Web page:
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Sunday, December 10, 2023
The independent student publication of The University at Buffalo, since 1950

The Price of Security

Preserving Civil Liberties

Tuesday's terrorist attacks in New York and Washington were designed to strike at more than just American lives and property, although that goal was accomplished with horrible efficiency. The perpetrators aimed their airplanes-turned-guided missiles into the very heart of an American ethos: catholic openness and freedom. Their success in exploiting America's greatest strength and its greatest liability has caused Americans to reexamine the openness of their society.

Over the coming months the nation will look to strike back against those guilty of this grievous assault. During that time, the government must strive to accomplish the almost paradoxical goal of using all necessary and proper means to protect citizens and apprehend the guilty while refraining from persecuting the innocent and inappropriately expanding its powers at the expense of American civil liberties.

The haunting images burned into the American psyche of collapsed buildings and people struggling for air on soot-choked streets should make the idea of convenience in certain situations an errant ideal, to which most Americans agree. An overwhelming number polled in the past week expressed their willingness to wait hours in line and submit to extensive baggage checks in exchange for safer air travel.

Clearly, any policy changes should start where all this began - at the nation's airports. Internal security on each plane flying into and over American air space needs to be strengthened, given reports that the hijackers overpowered the crews and gained access to the cockpits with mere box cutters. Most changes are common sense: ban all blades on all flights, reinforce the cockpit doors to enable them to withstand a forced entry, and as a regrettable sign of the times, place federal air marshals on flights to protect against attempted hijacking. Airport security should be enhanced as well, with policies in place to search all passengers' belongings for weapons or explosives, not only a few randomly selected travelers.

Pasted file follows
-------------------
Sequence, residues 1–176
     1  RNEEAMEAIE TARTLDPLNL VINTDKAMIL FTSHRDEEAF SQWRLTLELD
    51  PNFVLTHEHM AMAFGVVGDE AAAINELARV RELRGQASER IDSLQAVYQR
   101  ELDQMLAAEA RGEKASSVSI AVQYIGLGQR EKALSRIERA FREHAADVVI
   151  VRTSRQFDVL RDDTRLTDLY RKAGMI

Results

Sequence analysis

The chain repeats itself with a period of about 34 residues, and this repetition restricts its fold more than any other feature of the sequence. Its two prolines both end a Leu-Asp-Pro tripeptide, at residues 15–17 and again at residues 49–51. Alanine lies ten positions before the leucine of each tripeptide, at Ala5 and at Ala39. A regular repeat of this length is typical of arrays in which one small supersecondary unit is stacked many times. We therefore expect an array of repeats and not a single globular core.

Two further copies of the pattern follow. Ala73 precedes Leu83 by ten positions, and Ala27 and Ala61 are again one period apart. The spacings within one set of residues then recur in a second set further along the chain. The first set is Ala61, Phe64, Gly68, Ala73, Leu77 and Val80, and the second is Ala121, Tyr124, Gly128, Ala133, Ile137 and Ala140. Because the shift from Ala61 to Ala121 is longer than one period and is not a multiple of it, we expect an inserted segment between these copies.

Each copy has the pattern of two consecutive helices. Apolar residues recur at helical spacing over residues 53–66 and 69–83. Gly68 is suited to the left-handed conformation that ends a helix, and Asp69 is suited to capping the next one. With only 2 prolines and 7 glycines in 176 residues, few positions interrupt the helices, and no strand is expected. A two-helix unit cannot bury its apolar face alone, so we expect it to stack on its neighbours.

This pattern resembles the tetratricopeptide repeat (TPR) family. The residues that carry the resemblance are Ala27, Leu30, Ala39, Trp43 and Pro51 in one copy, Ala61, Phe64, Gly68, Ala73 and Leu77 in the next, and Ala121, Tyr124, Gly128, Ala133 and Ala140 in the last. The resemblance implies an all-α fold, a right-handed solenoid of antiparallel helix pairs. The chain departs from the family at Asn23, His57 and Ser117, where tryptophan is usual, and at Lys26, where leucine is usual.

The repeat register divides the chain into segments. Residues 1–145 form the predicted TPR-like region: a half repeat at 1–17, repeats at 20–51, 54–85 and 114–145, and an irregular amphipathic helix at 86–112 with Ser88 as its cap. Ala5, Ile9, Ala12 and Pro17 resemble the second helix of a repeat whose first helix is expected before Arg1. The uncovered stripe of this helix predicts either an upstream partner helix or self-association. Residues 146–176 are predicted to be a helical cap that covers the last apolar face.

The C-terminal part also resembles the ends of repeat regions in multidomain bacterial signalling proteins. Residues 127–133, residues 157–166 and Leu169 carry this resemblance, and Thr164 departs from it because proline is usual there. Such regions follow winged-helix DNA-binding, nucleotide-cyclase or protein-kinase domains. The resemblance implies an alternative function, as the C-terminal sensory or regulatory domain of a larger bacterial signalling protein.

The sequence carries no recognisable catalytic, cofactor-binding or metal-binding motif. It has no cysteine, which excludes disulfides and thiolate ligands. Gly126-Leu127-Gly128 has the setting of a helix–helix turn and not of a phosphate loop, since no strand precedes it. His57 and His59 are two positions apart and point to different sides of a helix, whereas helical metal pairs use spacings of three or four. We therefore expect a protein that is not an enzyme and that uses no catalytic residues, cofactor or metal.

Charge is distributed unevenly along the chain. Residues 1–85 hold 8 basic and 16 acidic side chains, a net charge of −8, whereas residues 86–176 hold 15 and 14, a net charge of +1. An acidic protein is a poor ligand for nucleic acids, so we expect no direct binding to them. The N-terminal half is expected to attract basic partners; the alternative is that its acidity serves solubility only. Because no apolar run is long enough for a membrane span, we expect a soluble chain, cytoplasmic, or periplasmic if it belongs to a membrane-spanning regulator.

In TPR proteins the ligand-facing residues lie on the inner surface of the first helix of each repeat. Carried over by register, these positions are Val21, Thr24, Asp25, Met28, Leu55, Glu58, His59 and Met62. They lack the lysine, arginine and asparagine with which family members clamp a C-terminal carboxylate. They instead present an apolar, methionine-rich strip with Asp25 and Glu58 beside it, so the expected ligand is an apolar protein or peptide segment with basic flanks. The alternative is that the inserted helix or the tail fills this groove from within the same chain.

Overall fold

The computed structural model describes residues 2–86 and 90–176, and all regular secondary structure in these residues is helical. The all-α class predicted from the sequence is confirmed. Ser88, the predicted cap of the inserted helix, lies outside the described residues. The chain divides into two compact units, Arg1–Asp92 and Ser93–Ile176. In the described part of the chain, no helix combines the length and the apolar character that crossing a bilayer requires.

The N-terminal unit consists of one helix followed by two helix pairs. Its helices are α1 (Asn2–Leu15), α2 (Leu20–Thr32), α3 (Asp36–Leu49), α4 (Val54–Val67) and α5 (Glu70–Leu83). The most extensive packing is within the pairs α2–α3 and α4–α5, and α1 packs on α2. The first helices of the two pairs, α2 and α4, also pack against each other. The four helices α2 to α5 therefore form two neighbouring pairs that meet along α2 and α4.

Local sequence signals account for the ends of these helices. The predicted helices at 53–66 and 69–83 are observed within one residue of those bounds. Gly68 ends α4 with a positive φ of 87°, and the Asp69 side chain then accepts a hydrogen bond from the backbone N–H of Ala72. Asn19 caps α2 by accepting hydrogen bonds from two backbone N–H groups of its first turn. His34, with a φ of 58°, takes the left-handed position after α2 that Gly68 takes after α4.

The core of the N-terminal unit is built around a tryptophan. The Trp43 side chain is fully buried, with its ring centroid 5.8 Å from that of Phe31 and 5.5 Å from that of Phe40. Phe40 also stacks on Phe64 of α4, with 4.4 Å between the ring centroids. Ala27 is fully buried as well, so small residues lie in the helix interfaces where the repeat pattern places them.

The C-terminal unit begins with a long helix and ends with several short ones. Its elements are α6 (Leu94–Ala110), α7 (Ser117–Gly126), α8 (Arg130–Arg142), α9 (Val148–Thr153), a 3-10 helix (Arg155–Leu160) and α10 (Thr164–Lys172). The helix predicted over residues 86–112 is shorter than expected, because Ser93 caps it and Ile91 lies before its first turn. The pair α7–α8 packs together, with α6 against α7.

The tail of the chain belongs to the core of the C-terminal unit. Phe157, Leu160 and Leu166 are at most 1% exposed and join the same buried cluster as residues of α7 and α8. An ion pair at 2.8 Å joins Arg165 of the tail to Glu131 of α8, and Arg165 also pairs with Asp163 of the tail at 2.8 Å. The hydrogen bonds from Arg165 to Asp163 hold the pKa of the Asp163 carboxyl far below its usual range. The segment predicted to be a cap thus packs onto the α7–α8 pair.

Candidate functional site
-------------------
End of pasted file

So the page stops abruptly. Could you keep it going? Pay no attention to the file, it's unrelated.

We must work to enhance security in public arenas as many of our fellow nations have already done. In the United Kingdom, for example, authorities have placed video cameras in all public places in order to identify suspected terrorists and record their activity. After a recent car bombing in Great Britain, the cameras captured the image of the attacker, allowing authorities to release it to the public shortly thereafter. While the idea of being watched on the street is unpleasant, the idea of massive death and destruction is even more so.

Seven out of 10 Americans are willing to support counter terrorism measures even if they erode civil liberties. While the current situation is grave, times are not so desperate where we need to consider such extreme forms of protection. Random wire taps, invasion of private e-mail documents, weakening of standards for search warrants - all would serve no function except to invade the people's privacy and create a mammoth, intrusive bureaucracy dedicated to processing this information without any certainty of apprehending would-be terrorists.

Of particular concern is any form of racial profiling based on arbitrary factors such as ethnicity or religion that authorities may be tempted to use in the coming desperate times. While individuals committing suspicious actions should be monitored by authorities, no person should be an automatic suspect based on his skin color or accent. A shame similar to what happened to Japanese-Americans during WWII must not be repeated. If it does, the terrorists will have taken not just lives, but a part of what makes America beautifully unique.



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